Although vitamin D can be obtained from limited dietary sources and directly from exposure to the sun during the spring and summer months, the combination of poor dietary intake and sun avoidance has created vitamin D deficiency or insufficiency in large proportions of many populations worldwide. It is known that vitamin D has a wide range of physiological effects and that correlations exist between insufficient amounts of vitamin D and an increased incidence of a number of cancers. These correlations are particularly strong for cancers of the digestive tract, including colon cancer, and certain forms of leukemia.

“Almost every disease decreases in frequency and duration as we move towards equatorial populations, and the data shows that there is a minimum of a 1000 percent increase for many diseases in countries furthest from the equator, however we have obtained the same results based on data through populations and vitamin D supplementation,” said Dr. Anthony Petaku who studies the effects of Vitamin D2 and D3 on mutating cells.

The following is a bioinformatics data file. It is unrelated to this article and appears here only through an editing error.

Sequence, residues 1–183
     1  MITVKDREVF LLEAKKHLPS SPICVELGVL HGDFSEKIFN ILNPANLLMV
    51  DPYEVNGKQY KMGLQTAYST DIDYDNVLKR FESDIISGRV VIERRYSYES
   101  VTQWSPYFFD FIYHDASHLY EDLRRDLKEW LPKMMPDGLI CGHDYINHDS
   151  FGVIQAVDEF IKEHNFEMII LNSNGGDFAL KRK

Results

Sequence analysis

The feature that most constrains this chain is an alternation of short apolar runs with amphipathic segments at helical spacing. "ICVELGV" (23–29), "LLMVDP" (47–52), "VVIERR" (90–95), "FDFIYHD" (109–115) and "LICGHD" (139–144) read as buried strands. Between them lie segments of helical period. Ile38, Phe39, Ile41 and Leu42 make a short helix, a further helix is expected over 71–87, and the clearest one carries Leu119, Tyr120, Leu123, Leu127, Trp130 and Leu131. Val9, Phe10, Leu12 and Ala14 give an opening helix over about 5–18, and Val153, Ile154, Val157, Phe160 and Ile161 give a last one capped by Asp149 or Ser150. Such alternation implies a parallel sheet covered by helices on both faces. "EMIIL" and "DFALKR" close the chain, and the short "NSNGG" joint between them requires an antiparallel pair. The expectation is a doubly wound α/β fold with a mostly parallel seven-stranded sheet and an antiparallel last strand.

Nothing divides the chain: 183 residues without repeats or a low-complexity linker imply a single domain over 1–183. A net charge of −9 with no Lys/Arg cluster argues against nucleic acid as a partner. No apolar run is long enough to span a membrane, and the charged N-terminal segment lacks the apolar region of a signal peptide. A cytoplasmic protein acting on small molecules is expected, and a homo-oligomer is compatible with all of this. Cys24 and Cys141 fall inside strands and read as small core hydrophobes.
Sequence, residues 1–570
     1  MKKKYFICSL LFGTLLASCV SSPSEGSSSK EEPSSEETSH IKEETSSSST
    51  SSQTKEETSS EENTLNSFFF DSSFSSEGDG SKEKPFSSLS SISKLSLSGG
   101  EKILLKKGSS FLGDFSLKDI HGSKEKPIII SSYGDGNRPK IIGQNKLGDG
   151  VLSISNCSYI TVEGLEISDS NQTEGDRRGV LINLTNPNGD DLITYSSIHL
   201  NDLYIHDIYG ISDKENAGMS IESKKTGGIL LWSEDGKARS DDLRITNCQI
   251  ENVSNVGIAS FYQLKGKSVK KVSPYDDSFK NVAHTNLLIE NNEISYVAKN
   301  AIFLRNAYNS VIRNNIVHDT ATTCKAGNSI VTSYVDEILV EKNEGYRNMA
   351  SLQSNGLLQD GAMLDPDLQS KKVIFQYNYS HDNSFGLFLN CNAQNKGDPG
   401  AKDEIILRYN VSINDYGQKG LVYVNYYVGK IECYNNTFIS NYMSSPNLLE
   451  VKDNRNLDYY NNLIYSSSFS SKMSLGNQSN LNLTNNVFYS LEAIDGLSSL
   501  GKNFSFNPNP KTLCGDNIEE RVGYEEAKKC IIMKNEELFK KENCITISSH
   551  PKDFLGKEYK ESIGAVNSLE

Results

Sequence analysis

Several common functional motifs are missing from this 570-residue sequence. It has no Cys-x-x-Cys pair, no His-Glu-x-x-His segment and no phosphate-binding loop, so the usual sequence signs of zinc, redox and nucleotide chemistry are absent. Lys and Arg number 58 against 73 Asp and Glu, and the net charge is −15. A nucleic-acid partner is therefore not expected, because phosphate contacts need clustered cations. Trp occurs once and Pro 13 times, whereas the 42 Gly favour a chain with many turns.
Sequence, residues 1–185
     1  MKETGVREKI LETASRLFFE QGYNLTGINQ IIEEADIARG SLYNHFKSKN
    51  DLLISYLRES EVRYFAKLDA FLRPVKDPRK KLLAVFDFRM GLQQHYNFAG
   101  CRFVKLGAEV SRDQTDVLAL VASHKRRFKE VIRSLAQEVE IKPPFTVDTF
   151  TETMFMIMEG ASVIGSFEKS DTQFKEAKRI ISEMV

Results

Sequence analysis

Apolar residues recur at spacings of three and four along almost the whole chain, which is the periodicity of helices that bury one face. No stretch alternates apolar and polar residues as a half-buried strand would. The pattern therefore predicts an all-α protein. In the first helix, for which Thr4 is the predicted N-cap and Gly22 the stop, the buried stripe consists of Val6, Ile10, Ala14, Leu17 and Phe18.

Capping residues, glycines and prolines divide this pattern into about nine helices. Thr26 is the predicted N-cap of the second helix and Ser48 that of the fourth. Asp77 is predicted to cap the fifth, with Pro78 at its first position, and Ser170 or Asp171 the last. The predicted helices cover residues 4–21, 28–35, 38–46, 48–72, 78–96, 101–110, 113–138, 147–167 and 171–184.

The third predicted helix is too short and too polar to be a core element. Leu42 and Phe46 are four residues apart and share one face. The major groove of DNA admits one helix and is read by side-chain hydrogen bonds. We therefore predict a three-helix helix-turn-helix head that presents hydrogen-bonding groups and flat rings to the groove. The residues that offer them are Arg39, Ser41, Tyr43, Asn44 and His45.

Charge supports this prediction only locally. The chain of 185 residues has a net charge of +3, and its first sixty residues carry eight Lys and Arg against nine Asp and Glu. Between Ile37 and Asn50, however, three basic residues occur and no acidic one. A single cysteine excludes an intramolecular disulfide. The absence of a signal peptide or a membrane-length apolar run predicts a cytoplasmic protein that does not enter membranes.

“Physicians need to pay close attention to vitamin D levels in people who have been diagnosed with cancer,” say Chinese researchers.

Better Chances of Survival

In a recent study, author Dr Hui Wang, said: “The results suggest vitamin D may influence the prognosis for people with breast cancer, colorectal cancer and lymphoma, in particular.”

The meta-analysis, published in the Journal of Clinical Endocrinology & Metabolism, included 25 studies and 17,332 cancer patients. In the majority of the research included the patients were tested for vitamin D levels before undergoing any cancer treatment. The researchers from Shanghai’s Institute for Nutritional Sciences and other Chinese universities and institutions found a ten nanomole/liter (nmol/L) increase in vitamin D levels correlated with an increased survival rate of 4%.

Significant associations

In another study in Anticancer Research, breast cancer patients with high levels of vitamin D in their blood are twice as likely to survive the disease as those with lower levels, new research has suggested.

A study by Dr. William Grant, Ph.D., internationally recognized research scientist and vitamin D expert, found that about 30 percent of cancer deaths — which amounts to 2 million worldwide and 200,000 in the United States — could be prevented each year with higher levels of vitamin D.

Higher vitamin D (25(OH)D) levels were “significantly associated” with reduced cancer-specific mortality for patients with colorectal cancer and lymphoma, while improved disease-free survival for patients with breast cancer or lymphoma was observed.
Meanwhile the researchers found less evidence of a connection in people with lung cancer, gastric cancer, prostate cancer, leukemia, melanoma or Merkel cell carcinoma, but said the data available was positive.